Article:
The shortfall has arisen because as more people use BBC iPlayer, mobiles and other online catch-up, the proportion of households owning a television is falling, while a loophole allows viewers to watch catch-up TV without a licence.

We have welcomed the Government's firm commitment to close this loophole, and will continue to urge Ministers to legislate as swiftly as possible.

An independent study by PwC has already shown the BBC to be among the most efficient organisations in the public sector and regulated industries, and our record betters that of Government. However, in July we committed to doing everything possible to protect programmes and services by making further savings from back office functions, cutting management and management layers and reducing historic levels of BBC bureaucracy. This is part of delivering a simpler, leaner BBC.

Despite this, we always said that cuts to programmes or services would be unavoidable. Even after today's measures, the BBC faces a long-term challenge to identify a further £550m of savings by 2021/22 and we will set out broad plans for this in the spring. We will inevitably have to either close or reduce some services.

The £150 million of savings detailed today will be delivered in the following way:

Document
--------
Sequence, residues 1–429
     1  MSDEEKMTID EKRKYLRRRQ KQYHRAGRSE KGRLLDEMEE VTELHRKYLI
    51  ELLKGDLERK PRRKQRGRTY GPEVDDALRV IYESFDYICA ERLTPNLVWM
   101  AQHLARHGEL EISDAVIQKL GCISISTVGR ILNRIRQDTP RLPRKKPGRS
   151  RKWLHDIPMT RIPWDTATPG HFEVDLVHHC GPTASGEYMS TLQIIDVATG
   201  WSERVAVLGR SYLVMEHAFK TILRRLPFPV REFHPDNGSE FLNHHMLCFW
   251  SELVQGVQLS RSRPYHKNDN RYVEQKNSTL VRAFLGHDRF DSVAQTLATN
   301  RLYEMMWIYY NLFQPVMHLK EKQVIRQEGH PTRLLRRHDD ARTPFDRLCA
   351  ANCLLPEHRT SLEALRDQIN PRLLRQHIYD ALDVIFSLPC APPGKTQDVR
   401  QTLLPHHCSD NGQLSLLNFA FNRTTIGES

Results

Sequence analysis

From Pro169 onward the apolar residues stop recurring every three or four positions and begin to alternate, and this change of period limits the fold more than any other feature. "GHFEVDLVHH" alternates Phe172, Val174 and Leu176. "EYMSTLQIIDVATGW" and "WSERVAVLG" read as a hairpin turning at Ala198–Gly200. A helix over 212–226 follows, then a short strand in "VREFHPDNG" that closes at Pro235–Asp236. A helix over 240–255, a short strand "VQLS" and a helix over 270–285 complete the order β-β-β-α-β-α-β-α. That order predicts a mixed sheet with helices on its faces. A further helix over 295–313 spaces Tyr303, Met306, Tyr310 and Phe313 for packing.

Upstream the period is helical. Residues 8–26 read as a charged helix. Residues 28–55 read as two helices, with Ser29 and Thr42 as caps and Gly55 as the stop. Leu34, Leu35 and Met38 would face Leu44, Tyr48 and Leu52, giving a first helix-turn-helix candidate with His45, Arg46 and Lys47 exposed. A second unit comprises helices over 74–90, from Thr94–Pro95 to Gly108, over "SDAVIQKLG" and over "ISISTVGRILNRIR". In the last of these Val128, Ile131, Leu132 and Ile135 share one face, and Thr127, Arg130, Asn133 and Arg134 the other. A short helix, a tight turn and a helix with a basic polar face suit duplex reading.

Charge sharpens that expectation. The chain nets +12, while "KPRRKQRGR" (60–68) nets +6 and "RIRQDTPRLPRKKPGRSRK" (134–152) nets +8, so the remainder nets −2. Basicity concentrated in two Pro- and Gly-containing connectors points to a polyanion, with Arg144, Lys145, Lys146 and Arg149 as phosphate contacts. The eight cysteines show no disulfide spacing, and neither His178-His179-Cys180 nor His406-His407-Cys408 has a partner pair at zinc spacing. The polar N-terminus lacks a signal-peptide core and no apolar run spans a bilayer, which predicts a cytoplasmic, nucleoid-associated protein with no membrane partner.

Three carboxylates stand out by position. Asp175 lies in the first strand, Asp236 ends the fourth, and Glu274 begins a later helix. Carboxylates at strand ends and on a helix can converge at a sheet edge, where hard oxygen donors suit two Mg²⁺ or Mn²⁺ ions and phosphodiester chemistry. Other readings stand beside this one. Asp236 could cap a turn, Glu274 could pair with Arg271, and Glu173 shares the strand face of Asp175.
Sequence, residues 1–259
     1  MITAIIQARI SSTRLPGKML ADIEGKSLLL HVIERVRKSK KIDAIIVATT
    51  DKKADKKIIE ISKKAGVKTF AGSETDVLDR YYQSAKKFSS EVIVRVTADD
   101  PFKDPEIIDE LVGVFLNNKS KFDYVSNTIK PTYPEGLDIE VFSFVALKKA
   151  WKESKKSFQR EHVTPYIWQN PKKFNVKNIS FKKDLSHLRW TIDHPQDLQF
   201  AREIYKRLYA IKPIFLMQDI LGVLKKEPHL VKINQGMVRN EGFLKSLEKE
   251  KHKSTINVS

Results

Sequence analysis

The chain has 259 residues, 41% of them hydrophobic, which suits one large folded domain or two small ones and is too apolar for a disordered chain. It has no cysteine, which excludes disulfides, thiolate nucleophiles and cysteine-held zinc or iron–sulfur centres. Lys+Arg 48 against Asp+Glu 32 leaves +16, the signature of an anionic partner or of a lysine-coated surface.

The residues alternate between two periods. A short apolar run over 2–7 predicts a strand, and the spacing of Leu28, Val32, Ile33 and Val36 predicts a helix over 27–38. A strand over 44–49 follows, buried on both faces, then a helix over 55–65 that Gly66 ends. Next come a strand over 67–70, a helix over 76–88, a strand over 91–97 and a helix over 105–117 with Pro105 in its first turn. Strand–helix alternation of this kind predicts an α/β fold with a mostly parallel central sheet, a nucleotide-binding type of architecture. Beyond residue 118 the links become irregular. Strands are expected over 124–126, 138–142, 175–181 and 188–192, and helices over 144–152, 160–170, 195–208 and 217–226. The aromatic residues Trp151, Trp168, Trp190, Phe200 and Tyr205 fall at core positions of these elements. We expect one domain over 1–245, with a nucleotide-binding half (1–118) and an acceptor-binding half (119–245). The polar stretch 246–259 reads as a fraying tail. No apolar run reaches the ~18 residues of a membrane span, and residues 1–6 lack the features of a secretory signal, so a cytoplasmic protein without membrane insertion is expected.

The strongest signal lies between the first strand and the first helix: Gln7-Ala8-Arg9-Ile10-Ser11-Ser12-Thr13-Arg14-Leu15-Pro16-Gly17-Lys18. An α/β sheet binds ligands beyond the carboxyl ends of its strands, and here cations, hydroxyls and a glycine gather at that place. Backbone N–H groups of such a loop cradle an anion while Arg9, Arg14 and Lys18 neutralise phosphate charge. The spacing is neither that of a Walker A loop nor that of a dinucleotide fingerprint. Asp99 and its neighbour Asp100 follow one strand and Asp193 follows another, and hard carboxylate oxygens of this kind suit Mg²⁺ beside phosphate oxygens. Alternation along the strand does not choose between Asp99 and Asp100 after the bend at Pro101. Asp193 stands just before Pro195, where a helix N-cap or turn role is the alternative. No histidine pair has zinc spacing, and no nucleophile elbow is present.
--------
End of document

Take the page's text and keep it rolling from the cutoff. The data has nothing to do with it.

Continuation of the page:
£50 million will be saved by creating a simpler, leaner BBC, with fewer divisions and senior managers, fewer layers between the top and bottom of the organisation and cutting 1,000 posts. Strong progress is already being made - the first phase of work is now complete and subject to staff consultation and further detailed work:

c£25m will come from reducing back office and professional support services
c£10m from reducing management layers in content areas. Discussions are now beginning with those affected
The remainder from the merger of technology and digital divisions, and changes to expenses, payroll management and other areas
In total, we are on course to deliver the 1,000 reduction in jobs by 2017. Since July, we have already closed or are consulting on over 300 of these posts

£35 million will be saved from the BBC's TV sports rights budget. Meeting this savings target will be tough, particularly given the high levels of inflation in the market. We therefore anticipate this will lead to the loss of some existing rights and events. We have already made some tough choices which have contributed to the savings, for instance around the Open Golf. However, we have also recently secured a series of important rights - including Wimbledon, Premier League highlights, live coverage of Euro 2016 and 2020 football championships and Six Nations rugby shared with ITV
Beyond Sport, a further £12 million will come from the BBC's TV budget. Drama will be protected, including the prioritisation we have already announced, but a range of other genres will face cuts. This will mean some reductions to factual, comedy and entertainment, although we remain committed to making popular Saturday night shows and will use the savings from The Voice UK to develop new, home-grown formats